This is a Swift 4 port (for macOS) of a much older Objective-C version written circa 2003 following the 20th anniversary of the publication of Penguin Books’ Fighting Fantasy gamebook series and the revival of the books by Icon Books. The concept of a program to help players with their games — setting up characters, handling combat, managing their backpack contents, testing for Luck, etc. — goes back to a mid- to late 1990s Real Basic classic Mac OS version which, in turn, was a redevelopment of an original implementation for the Dragon 32 micro written around 1985, while the gamebooks were still being published by Penguin’s Puffin imprint.
Coding up the Swift version was solely about me learning Swift, and the recent, third revival of the gamebooks — this time by Scholastic — is entirely coincidental, but certainly not unwelcome. There’s even some new ones out, Port of Peril and Gates of Death. I’ll support it in the game manager if it makes use of new rules or features.
Incidentally, not all of the gamebooks are supported, I’m afraid, only those I have played or plan to. So if you have a favourite that’s not included, consider it a tutorial exercise: an opportunity to expand on the code included in this repo.
Fighting Fantasy the property of Steve Jackson and Ian Livingstone, and reference to it here and in the code is on a notionally fair-use basis. Although my version includes imagery from the books, it is not included in the GitHub archive. Quite apart from any legal reasons, I owe it to Jackson, Livingstone and all the artists whose work gave me so much pleasure in the mid-1980s and again in the 2000s and 2010s, not to treat their work as a commodity to be downloaded. And as a published Fighting Fantasy writer.
You can find out more about the gamebooks at FightingFantasy.com.
For the application code, please visit the GitHub repo page.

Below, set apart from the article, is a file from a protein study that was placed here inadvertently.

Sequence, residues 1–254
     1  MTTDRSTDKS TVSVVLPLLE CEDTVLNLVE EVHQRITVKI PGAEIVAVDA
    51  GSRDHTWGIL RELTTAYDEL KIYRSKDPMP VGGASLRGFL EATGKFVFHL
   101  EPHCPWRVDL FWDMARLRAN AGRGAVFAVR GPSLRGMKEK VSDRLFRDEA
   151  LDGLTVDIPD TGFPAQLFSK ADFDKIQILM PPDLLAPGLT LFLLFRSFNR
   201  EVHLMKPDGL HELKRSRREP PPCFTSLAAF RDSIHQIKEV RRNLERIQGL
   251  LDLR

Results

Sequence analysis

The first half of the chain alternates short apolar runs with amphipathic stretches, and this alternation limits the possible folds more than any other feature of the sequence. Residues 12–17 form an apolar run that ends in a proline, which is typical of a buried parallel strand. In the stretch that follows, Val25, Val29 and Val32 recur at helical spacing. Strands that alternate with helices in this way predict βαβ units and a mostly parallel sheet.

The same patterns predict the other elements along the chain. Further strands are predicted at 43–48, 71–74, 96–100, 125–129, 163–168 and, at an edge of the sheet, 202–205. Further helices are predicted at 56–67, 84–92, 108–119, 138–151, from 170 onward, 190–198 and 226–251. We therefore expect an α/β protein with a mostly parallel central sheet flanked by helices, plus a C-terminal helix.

Using the Game Manager should be intuitive: it replicates the Character and Monster Encounter Sheets found in the gamebooks, and provides game mechanics, including testing your Luck and Skill, and engaging in combat. There is a section for recording the items you have in your pack, and another for making notes. You can save your character for future sessions, and set a digital bookmark to record your current place in the gamebook.
Select New Character from the File menu or New Game from the intro screen. Stats will be rolled for you, but you can always roll again! Select the gamebook you will be playing and, on that basis, which, if any, potions, provisions and Gold Pieces you start out with.
Click OK to continue.
Choosing a gamebook sets up the Game Manager accordingly: some games have different features — magic in Citadel of Chaos, Fear and madness in House of Hell — and the Game Manager will present these as required. Look out too for the Game menu, which will contain game-specific actions that a given gamebook will offer on certain pages. Game Manager will tell you when the Game menu is enabled.
The Stats tab provides a readout of your Skill, Stamina and Luck (and their initial values) and allows you to change these as required. It also lets you add and eat Provisions, add and spend Gold Pieces, and drink your Magic Potion, if you have one (and you have drinks left).